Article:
Record Oil Stockpiles Knock Futures Down Closer to $40 a Barrelby
IEA sees `massive cushion' worldwide on record production
U.S. oil drillers add rigs, reversing 10 weeks of pullback
Oil dropped to the lowest in more than two months as stockpiles in developed nations have reached record levels and U.S. crude supplies keep rising.
West Texas Intermediate futures fell 2.4 percent. Oil inventories have expanded to a record of almost 3 billion barrels because of strong output from OPEC and elsewhere, the International Energy Agency said in a report on Friday. U.S. supplies climbed to 487 million last week, the most for this time of year in more than 80 years, according to U.S. government data.
"The market is being overwhelmed by rising supply," said Michael Corcelli, chief investment officer of hedge fund Alexander Alternative Capital LLC in Miami. "We could test the six-year lows reached in August at any moment. We will either break through or put in a bottom."
Crude has dropped 45 percent in the past year as the Organization of Petroleum Exporting Countries pumped above its collective quota and Russian output rose to a post-Soviet high, swelling global stockpiles. Iran is pushing to regain oil sales lost to sanctions after agreeing in July to accept limits on its nuclear projects in return for market access. Oil price competition in Europe is set to intensify when Iranian crude returns, the IEA said.
WTI for December delivery dropped $1.01 to $40.74 a barrel on the New York Mercantile Exchange. It was the lowest close since Aug. 26. Futures fell 8 percent this week, the biggest decline since March. The volume of all futures traded was 46 percent above the 100-day average at 2:50 p.m.
Brent for December settlement, which expired Friday, slipped 45 cents to to $43.61 a barrel on the London-based ICE Futures Europe exchange. It’s the lowest close since Aug. 26. The more-active January contract declined 72 cents to $44.47. The European benchmark crude closed at a $2.87 premium to WTI.
Futures extended declines after an industry report showed American oil drillers put rigs back to work. Rigs targeting oil in the U.S. rose by 2 to 574, after more than 100 were idled since the start of September, Baker Hughes Inc. said on its website Friday.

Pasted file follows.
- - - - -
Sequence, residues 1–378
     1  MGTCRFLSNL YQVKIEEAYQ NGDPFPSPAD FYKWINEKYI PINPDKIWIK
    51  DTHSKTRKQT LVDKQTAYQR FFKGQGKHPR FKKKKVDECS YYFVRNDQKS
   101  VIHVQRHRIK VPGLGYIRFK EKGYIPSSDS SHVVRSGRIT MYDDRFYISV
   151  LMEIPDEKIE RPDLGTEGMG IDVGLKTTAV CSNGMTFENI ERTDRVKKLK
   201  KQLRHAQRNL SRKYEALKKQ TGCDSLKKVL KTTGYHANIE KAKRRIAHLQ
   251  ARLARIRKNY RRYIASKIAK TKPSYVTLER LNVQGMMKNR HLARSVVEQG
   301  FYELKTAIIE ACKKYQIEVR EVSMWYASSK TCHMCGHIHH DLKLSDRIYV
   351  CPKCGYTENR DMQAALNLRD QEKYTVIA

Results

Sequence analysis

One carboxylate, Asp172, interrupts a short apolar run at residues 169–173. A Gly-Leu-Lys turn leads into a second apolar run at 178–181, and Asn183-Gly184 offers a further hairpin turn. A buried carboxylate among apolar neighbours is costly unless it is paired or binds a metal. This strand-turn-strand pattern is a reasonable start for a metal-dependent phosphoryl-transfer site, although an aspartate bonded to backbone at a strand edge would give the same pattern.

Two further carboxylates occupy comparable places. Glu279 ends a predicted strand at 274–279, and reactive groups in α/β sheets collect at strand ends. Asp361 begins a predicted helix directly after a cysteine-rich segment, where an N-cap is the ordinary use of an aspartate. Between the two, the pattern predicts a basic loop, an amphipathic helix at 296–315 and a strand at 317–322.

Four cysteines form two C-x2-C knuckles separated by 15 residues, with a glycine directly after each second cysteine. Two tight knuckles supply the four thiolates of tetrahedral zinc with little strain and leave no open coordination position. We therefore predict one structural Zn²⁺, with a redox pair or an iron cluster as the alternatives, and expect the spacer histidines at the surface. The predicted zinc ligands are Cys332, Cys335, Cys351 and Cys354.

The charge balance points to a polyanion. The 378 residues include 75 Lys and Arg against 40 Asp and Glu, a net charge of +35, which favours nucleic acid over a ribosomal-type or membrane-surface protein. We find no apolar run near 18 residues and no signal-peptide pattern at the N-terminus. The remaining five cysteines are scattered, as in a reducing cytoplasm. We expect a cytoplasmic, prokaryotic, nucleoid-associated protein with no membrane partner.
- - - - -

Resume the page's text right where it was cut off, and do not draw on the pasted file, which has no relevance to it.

Total oil stockpiles in developed nations rose by 13.8 million barrels in September, a month when they typically decline, the IEA said. There are signs some fuel-storage depots in the Eastern Hemisphere have been filled to capacity, it said.
"The news from the IEA shows what a staggering amount of oil is sitting in storage," Tom Finlon, a Jupiter, Florida-based director of Energy Analytics Group LLC, said by phone. "It’s also looking like Iran will initiate a production and price war with Russia and Saudi Arabia as it tries to regain market share."
OPEC ministers will meet on Dec. 4 in Vienna to review their current policy. While some members such as Venezuela have recommended changing strategy to support prices, OPEC Secretary-General Abdalla El-Badri said Nov. 9 that supply and demand are on course to rebalance next year.
"The drop in prices is going to probably result in screams of pain coming from Caracas and Tehran," Michael Lynch, president of Strategic Energy & Economic Research in Winchester, Massachusetts, said by phone. "Whether it results in any action to reduce production or quotas is questionable."
Crude stockpiles at Cushing, Oklahoma, the delivery point for WTI and the biggest oil-storage hub in the U.S., expanded by 2.24 million barrels through Nov. 6, the Energy Information Administration report showed Thursday. Output rose by 25,000 barrels a day to 9.19 million a day.
"Prices will have to stay at or below this level for some time before there will be an impact of production," Rob Haworth, a senior investment strategist in Seattle at U.S. Bank Wealth Management, which oversees $128 billion of assets, said by phone.
U.S. refineries boosted operating rates by 0.8 percentage point to 89.5 percent last week, the EIA said Thursday. U.S. oil processors boosted utilization in November during four of the past five years as the annual maintenance period -- timed to a post-summer lull in fuel demand -- finishes and plants gear back up for winter.
"It’s not all doom and gloom," Mike Wittner, head of oil-market research in New York at Societe Generale AG, said by phone. "We’re going to soon see a very big increase in global crude runs as refineries return from maintenance. It’s already happening in the U.S., and both Europe and Asia will follow."